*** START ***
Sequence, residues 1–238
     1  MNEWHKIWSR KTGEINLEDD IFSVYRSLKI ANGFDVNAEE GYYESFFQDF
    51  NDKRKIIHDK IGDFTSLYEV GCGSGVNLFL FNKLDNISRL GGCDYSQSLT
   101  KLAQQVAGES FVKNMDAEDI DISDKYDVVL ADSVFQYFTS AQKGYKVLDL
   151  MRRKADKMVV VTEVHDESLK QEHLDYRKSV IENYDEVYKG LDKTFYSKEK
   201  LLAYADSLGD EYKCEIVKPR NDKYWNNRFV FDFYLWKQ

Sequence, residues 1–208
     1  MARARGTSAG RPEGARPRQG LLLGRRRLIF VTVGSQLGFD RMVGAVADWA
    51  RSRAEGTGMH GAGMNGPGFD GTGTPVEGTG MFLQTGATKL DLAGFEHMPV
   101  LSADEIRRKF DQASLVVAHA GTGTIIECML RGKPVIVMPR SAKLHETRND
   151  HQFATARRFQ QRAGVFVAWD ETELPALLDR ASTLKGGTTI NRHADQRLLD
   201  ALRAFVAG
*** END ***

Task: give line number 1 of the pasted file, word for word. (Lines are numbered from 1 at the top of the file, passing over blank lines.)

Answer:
Sequence, residues 1–238